13 Introduction The politics of Arab educational reforms Osama Abi-M ershed The present volume is the distillation of two international conferences on education in the Arab world held by Georgetown University in , primarily in response to the completion of the first series of the United Nations Arab Human Development Report (AHDR) in 2005 (UNDP ). Since highlighting the Arab world's critical deficits in "knowledge, freedom, and women's empowerment" in 2002, the AHDRs have annually pointed to the unequal standards of education in Arab countries as primary factors in their lagging development relative to the rest of the world. Specifically, the reports have identified the limited educational opportunities and deficiencies in the "acquisition, dissemination, production and utilization" of knowledge as the "major predicaments" confronting Arab societies in the twenty-first century. They have moreover warned against the adverse consequences of more restricted access for Arab and Muslim students to Western academies of learning in the wake of the events of September 11, As noted by the authors of the AHDRs, these findings stand in stark contrast to the Arab world's celebrated historical record in advancing human knowledge, and its "rich and time-tested intellectual tradition" in a broad range of scientific, philosophical, and socio-cultural disciplines. The verdicts of the AHDRs, combined with the heightened interest of the United States in educational reforms in the Muslim world after September 2001, prompted the Georgetown University Center for Contemporary Arab Studies (CCAS) to dedicate its 2006 international symposium to an assessment of past and ongoing Arab educational initiatives. The conference on "The Politics of Education in the Arab World," held in March, gathered a host of scholars and specialists with distinguished careers in Arab and Muslim education. The panelists were invited to explore the varied sociohistorical contexts for Arab learning and knowledge production, and to contrast Arab pedagogical concepts and conventions in the pre-modern and modern eras. In April 2007, CCAS was involved again in organizing an international conference on Arab education in partnership with the Georgetown University Center for International and Regional Studies (CIRS) in Doha, Qatar, where a comprehensive effort to upgrade national learning institutions has been underway since This second symposium, entitled "Education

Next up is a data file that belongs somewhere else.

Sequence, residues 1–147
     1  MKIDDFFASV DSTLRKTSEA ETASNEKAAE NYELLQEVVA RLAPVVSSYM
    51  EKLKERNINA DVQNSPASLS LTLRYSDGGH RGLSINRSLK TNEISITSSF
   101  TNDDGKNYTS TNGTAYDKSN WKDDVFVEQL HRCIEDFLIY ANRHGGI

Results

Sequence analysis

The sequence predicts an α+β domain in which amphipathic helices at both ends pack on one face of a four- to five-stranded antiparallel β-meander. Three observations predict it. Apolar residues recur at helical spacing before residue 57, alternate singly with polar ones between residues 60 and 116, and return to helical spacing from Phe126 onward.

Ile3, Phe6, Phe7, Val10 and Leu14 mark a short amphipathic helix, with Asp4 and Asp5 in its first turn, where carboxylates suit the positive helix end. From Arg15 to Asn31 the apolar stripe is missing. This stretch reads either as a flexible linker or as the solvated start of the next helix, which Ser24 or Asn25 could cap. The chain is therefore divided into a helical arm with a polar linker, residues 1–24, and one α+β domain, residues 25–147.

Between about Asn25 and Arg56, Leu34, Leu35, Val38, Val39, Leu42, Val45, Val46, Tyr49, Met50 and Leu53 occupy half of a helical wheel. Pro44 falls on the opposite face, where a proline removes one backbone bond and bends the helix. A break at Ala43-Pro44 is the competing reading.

14 2 Osama Abi-Mershed and Change in Qatar and the Arab World," re-convened experts in the field with the express purpose of engaging directly with a local audience of public officials, policy-makers, and concerned citizens on the validity of the ambitious Qatari reforms as a model for the wider Arab world. Educational institutions, by their centrality to the formation of national consciousness and the reproduction of socio-economic relations, are inherent sites for political contests between various official and private actors, as well as domestic or foreign interests. In the context of Arab societies, however, the broader contentions over the direction and intent of educational renewal have been rendered more acute by international developments and policies since Thus, a primary motivation in organizing the conferences was to facilitate and moderate constructive exchanges between scholars and policy-makers in the field ofeducation, and to juxtapose the theoretical frameworks of the former with the pragmatic experiences of the latter. The panelists' diverse backgrounds and areas of expertise resulted in the presentation of wide-ranging perspectives on Arab education, from historical and sociological studies to political or empirical reviews of ongoing regional efforts to renovate educational systems. By the same token, however, the panelists' contrasting approaches and different frames of reference tended also to accentuate the ideological dissonance that afflicts the debate on recent trends in Arab education. Indeed, key disagreements separated the academic panelists on one side from the policy-makers or practitioners of education on the other. While the latter as a group tended to gauge educational efficacy according to economic indicators and in terms of socio-political "modernization," they were countered by scholars for whom the implementation ofwestern educational norms and structures reverberated with echoes of cultural imperialism and threats to national sovereignty and identity. The general consensus among conference participants with regards to the glaring deficiencies in Arab education withered once their attention shifted to proposed remedies for the shortcomings. Magnifying the disciplinary divide between "theory" and "policy," in other words, were conflicting discourses on the utility of educational re-organization in the Arab world. At the risk of simplification, I categorize these alternative readings of the objectives of the reforms under three headings: education as an economic sector; education as a national interest; education as a security concern. As the chapters in this book will hopefully convey to the reader, in the context of the Arab world, these three sets of educational priorities have yet to fully engage with one another. I now turn to a brief overview of the main lines of contention concerning the Arab educational reforms as they relate to each heading, for they constitute the inevitable political backdrop against which the chapters in this volume must be read. Education, development, and global competitiveness The definitive statement at the conferences on the weak or negligible contributions of the education sector to Arab economic development